Children’s Mental Health Week: New data shows increase in young people seeking help for self-harm and suicidal thoughts

From 7th to 13th February 2022 is Children’s Mental Health Week and new data makes for very grim reading. Findings from text support service Shout shows that the proportion of children aged 13 and under using their service has grown by 47% since 2019 with increasing numbers seeking help for self-harm and suicidal thoughts:

  • 9% of conversations with children aged 13 and under in 2021 were about suicide; this is a 29% increase since 2019*
  • 5% of conversations with children aged 13 and under in 2021 were about self-harm; this is a 17% increase since 2019*

These statistics are alarming and bring to the fore how young people’s mental health is a rapidly worsening crisis.

We need to take action. And we need to do so fast, to support the increasing numbers of young people who need help, are self-harming, or are thinking about ending their own lives.

Credit: Maxene Brown

Shout and our NHS Best For You programme are working together to raise awareness of the catastrophic impact the pandemic is having on our children. We are committed to making the right kind of support easily accessible without long waits, in a way that suits young people and their families.

Best For You is a partnership between CW+ and three NHS Trusts in North West London with local community, digital and voluntary sector organisations. It provides an innovative approach to care by uniquely combining inpatient care with day services, community programmes, and digital interventions.

The digital programme ( has been fast-tracked to help as many young people as possible. It includes Shout’s dedicated text support service, which is free, confidential, and accessible 24/7 by texting the word ‘NATTER’ to 85258.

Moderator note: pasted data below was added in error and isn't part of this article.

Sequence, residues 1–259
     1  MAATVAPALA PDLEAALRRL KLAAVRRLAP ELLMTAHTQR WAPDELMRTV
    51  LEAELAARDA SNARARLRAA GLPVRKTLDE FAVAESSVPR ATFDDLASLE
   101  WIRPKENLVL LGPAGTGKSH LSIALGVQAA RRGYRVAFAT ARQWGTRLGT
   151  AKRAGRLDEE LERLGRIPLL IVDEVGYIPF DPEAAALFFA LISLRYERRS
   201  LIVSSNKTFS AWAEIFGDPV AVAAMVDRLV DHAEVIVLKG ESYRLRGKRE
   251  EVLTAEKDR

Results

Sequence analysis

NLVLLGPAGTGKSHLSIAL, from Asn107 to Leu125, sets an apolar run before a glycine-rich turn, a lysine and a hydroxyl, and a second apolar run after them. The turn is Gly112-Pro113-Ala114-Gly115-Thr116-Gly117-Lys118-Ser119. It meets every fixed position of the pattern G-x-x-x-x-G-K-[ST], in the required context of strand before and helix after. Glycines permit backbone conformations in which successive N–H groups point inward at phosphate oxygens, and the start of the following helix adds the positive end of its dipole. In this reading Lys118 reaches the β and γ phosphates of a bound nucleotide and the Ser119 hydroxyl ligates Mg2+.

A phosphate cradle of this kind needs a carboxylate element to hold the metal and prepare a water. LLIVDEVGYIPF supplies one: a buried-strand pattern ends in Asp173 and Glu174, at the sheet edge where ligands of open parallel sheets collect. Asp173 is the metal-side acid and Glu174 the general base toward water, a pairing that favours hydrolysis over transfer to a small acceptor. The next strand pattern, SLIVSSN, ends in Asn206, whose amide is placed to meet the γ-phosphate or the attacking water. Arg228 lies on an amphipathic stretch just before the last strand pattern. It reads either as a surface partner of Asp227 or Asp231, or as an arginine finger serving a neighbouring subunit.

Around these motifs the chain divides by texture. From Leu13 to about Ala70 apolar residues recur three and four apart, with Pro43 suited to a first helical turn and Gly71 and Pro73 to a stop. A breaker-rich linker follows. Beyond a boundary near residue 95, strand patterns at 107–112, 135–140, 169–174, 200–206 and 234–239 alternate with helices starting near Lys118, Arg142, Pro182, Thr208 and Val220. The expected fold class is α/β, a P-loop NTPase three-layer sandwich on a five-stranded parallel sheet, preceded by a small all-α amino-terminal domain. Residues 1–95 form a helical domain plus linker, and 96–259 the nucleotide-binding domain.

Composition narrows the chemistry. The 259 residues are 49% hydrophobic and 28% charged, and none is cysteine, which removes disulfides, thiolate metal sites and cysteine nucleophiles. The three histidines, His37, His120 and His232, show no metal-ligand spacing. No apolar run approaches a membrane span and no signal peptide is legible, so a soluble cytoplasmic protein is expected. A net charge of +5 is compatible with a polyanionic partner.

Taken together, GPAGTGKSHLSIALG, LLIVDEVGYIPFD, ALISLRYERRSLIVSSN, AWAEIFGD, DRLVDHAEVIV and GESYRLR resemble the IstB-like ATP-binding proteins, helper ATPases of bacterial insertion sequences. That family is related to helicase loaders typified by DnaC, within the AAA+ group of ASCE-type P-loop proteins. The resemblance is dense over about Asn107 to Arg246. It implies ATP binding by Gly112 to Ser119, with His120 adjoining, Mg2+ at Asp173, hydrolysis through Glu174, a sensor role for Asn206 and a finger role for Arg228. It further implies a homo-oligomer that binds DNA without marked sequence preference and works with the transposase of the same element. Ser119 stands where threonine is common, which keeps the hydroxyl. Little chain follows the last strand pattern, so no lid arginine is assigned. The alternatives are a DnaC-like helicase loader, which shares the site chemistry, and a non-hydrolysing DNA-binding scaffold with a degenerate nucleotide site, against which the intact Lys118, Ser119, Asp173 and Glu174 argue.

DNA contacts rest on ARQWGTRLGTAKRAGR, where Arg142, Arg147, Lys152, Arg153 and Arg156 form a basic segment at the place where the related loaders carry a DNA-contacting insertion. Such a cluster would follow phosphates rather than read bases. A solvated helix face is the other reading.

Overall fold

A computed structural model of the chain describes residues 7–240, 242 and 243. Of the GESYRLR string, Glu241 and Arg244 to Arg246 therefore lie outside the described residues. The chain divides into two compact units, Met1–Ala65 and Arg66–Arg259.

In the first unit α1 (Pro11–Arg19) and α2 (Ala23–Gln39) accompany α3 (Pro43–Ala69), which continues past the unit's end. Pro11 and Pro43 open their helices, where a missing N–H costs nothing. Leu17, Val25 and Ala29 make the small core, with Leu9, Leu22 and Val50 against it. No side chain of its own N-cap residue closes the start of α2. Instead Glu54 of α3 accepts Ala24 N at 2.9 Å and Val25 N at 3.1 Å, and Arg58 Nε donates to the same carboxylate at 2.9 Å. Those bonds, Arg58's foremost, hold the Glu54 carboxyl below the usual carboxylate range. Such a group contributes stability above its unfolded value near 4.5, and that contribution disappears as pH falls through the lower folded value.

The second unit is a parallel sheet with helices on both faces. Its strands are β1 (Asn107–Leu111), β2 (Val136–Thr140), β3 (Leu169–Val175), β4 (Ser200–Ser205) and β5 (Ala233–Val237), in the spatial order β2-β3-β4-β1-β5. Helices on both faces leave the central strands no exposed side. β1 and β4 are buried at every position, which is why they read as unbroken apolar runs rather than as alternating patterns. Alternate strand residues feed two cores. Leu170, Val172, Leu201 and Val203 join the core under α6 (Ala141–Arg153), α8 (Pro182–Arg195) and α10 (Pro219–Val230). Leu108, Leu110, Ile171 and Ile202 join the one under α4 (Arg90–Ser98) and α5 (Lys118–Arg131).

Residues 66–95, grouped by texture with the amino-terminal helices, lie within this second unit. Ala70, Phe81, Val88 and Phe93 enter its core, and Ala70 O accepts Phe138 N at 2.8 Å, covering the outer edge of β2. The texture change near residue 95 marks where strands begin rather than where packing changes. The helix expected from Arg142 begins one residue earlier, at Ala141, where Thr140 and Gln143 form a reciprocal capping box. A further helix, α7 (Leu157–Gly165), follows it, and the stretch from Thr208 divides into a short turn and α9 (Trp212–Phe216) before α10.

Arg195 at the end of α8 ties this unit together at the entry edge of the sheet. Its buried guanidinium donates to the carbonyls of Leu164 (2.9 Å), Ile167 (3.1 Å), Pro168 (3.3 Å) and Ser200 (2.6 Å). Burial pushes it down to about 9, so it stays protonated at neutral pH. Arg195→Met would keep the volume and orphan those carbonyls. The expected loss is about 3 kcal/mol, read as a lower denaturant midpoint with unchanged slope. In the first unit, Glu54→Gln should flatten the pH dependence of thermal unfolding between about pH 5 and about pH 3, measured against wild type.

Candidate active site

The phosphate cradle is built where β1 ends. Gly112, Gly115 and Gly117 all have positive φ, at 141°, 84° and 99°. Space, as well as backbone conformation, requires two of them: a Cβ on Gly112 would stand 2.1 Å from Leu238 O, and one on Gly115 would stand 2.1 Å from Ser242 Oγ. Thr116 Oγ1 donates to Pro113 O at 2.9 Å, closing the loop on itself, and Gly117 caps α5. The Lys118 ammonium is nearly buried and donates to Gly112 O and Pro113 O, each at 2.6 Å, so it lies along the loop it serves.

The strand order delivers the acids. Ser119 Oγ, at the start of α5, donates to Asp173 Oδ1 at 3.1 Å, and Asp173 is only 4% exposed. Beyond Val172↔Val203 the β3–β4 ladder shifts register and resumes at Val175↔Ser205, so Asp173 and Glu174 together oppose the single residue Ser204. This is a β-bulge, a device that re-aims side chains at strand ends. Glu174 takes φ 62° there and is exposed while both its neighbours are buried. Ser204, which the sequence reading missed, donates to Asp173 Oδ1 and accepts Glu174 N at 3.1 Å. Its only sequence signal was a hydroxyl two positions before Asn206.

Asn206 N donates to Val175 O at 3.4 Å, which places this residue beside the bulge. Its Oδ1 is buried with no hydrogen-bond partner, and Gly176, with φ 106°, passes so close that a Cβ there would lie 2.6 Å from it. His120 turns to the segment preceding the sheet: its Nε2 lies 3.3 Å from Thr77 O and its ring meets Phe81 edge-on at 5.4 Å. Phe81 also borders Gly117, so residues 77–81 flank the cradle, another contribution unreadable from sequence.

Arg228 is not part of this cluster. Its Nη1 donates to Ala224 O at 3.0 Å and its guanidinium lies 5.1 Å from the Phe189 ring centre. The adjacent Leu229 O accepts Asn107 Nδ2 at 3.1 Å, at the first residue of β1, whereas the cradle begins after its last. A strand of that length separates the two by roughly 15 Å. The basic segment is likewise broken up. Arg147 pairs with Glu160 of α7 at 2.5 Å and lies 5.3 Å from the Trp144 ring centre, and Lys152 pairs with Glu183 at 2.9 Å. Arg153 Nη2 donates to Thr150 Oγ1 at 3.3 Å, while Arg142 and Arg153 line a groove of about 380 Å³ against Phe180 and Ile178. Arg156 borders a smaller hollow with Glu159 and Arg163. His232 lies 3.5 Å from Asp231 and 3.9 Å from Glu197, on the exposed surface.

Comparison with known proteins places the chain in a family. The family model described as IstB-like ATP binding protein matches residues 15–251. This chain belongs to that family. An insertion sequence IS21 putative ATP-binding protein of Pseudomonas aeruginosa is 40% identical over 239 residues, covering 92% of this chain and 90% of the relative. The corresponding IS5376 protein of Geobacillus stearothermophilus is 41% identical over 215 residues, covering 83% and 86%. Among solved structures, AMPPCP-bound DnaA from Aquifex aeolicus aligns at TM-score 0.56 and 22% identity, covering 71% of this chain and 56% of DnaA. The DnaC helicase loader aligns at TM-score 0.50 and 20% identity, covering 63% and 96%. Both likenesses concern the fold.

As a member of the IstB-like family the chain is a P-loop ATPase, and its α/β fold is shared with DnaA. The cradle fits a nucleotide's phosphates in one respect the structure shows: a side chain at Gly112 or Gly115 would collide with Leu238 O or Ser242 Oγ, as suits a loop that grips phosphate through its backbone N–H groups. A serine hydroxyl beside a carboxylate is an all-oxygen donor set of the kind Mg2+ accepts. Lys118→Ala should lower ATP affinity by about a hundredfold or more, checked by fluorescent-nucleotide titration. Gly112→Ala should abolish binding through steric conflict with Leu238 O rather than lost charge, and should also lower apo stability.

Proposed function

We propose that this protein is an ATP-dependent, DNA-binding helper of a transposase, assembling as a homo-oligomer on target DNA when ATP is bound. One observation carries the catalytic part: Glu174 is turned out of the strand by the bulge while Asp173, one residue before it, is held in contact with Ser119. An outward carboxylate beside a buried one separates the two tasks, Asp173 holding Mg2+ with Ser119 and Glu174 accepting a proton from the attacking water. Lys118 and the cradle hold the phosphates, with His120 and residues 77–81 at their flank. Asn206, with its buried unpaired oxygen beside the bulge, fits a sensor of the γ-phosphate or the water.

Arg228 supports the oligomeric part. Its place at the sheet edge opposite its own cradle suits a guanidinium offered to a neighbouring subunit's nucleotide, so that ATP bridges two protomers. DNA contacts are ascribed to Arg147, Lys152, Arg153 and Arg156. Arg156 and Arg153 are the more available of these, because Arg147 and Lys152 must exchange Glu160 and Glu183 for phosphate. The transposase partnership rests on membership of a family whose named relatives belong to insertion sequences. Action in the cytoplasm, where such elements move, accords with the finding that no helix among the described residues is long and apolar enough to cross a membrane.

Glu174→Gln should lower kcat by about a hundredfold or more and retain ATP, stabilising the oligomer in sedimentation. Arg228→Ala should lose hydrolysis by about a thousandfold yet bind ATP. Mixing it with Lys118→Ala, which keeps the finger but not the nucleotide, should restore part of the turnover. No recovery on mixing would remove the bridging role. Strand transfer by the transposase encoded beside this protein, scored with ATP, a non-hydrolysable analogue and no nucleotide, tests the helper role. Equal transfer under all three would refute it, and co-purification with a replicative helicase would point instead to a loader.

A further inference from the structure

Dr Ritu Mitra, Consultant Psychiatrist, Best For You, explains: “Our teams are seeing the devastating effects the pandemic is having on the mental health of our children and young people in particular. It’s deeply concerning how many more young people are self-harming or feeling that suicide is the only option.

“We hope that this week serves as a much-needed reminder to everyone to come together to tackle this mental health crisis. We need to talk about the issues around mental health, offer support, and spread the word about services that can help young people in need, such as and our confidential 24/7 text service.”

Victoria Hornby, Chief Executive of charity Mental Health Innovations, which powers Shout, says: “Our daily conversations have increased by 180% since the start of the Covid-19 pandemic and are continuing to rise. Every day we speak to hundreds of young people who are feeling overwhelmed and often suicidal – like 12-year-old Jack* who started experiencing severe anxiety during the pandemic. He spent more and more time on his own, no longer connecting with his friends and struggling with online school. He became anxious about the future and whether life would ever get back to normal. Things had become so difficult for him that, one evening, he decided to end his life. That night, he texted Shout. The volunteer who responded guided Jack to a calmer place and worked with him to find the courage to phone the emergency services, who came and helped him.

“For every young person who texts us, we know there are many more who need support but don’t know where to turn. Sometimes it can be easier to text than to say the words out loud to a friend, someone in your family or even your teacher, which is where we can help. If you are feeling worried, anxious or overwhelmed, text ‘NATTER’ to 85258 to start a conversation with a trained volunteer any time of the day or night.”

*Not real name

Best For You is a partnership between CW+, Central and North West London NHS Foundation Trust, Chelsea and Westminster Hospital NHS Foundation Trust, and West London NHS Trust. You can take a look at their website here.